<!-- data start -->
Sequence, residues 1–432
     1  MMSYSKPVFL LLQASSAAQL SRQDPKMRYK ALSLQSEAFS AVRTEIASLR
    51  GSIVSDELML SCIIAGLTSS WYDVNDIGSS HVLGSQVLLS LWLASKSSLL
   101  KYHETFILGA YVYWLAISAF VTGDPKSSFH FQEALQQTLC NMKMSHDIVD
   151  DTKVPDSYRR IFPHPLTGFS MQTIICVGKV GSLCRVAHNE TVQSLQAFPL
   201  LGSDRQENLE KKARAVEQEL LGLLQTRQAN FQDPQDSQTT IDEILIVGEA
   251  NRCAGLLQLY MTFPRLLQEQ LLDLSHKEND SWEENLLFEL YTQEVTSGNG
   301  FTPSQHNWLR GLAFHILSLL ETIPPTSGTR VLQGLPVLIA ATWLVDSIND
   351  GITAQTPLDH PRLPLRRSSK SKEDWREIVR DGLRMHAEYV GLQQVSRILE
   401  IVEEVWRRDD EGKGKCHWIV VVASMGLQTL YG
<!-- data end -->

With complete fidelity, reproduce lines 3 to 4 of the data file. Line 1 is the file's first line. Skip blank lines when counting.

    51  GSIVSDELML SCIIAGLTSS WYDVNDIGSS HVLGSQVLLS LWLASKSSLL
   101  KYHETFILGA YVYWLAISAF VTGDPKSSFH FQEALQQTLC NMKMSHDIVD